Pearl Harbor Remembered

I remember September 11, 2001 pretty vividly. I was student teaching at a small rural school in North Carolina. Parents started showing up to check their children out, a lot of them. The local sheriff’s department showed up and parked at the front door, not in the parking lot, but at the door. Sometime late morning the principal came to the door and asked to speak to the regular teacher in the hall, when she came back in her face was ashen.

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I expect that 79 years ago when Sunday afternoon football games were interrupted (around 2:30pm EST) on the radio with a news bulletin that people reacted much the same way.

“Alright now, listen carefully.  The island of Oahu is being attacked by enemy planes.  The center of this attack is Pearl Harbor, but the planes are attacking airfields as well.  We are under attack.  There seems to be no doubt about it.  Do not go out on the streets. Keep under cover and keep calm.  Some of you may think that this is just another military maneuver.  This is not a maneuver.  This is the real McCoy!” 

                                                Webley Edwards, KGMB, Honolulu

Of course the nature of news was very different. It would take some days before photos from Pearl Harbor made the front page of eastern news papers-several more before movie reel news footage made the big screen. The temper and outrage of the nation must have been palpable everywhere, much like after 9/11. Men and boys flooded recruiters, signing up for service. American changed, overnight, and forever. You can take a few minutes and listen to Franklin D Roosevelt’s address on December 8th here:

Ideas for Honoring Pearl Harbor

Today we took time to remember Pearl Harbor, and like many of our homeschool adventures we used food to help reinforce that experience.  The US Pacific Fleet, in partnering with the National Park Services host the annual Pearl Harbor Day memorial service on the USS Arizona Memorial. This year they offered it virtually, live streaming the event starting at 1255am EST, 755am local, matching the Japanese attack time 79 years earlier. Before watching we ate a traditional Navy meal, Creamed Sliced Beef on Toast.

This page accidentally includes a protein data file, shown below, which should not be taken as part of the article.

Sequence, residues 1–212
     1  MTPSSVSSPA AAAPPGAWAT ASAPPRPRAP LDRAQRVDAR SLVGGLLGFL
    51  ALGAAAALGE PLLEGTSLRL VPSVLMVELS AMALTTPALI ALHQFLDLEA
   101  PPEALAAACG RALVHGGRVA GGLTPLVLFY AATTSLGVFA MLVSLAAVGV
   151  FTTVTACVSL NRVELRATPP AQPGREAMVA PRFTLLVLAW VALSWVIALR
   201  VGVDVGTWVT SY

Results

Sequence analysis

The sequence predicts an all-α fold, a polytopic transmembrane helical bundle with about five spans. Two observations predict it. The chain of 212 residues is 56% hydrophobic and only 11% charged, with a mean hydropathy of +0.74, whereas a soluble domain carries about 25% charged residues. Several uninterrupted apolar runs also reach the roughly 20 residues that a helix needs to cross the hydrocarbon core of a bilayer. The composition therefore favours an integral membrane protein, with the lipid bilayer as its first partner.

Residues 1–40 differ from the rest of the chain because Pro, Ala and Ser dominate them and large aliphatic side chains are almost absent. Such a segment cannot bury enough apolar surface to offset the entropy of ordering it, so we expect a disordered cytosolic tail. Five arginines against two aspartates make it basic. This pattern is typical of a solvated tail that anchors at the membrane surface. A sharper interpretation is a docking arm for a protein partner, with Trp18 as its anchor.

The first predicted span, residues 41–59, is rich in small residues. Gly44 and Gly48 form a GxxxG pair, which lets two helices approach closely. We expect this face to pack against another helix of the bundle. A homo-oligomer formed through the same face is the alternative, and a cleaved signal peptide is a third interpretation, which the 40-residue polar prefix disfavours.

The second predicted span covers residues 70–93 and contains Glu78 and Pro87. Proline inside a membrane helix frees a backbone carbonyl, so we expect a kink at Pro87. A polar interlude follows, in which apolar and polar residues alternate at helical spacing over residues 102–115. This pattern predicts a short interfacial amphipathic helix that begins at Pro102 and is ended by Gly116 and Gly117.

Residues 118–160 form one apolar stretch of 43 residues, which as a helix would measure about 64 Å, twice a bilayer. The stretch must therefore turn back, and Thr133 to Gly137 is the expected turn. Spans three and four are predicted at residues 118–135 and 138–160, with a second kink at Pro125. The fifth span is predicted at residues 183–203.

Sailors, always want to exaggerate and create a lingo of their own, have a more colorful name for this dish. Which reminds me of a funny story: several years ago, my eldest son, probably nine at the time, wanted to read Boys of the Battleship, a series of stories about the men who served on the USS North Carolina, a World War II battleship that saw extensive combat in the Pacific. One morning at breakfast he asks if we can have, “s*** on a shingle” sometime. You see, my husband had gone ahead of him and done a little editing in the book to omit the occasional foul word, apparently he missed this one…embarrassed mom moment. To make it worse, my mother-in-law was visiting at the time. We all laughed about it later, but it became a motivating factor for my husband to write Heroes Next Door

If you want to try navy’s original recipe, you can find it and see a cool little cooking demonstration here: We adapted a little, and used fresh milk instead of powdered of mechanical cow milk. Never heard of a mechanical cow? That’s a post for another day. To round out our meal we used the following recipes: limas, page 289, baked apples page 88, Creamed Sliced Dried Beef, page 148.

Final Thoughts

I pray that my children never have to experience a December 7, or September 11 type event. I do believe it is very important to remember that those kinds of things do happen and that we should take time to understand how those events have shaped the world around us.  How do you honor and remember those important historical dates in your homeschool?

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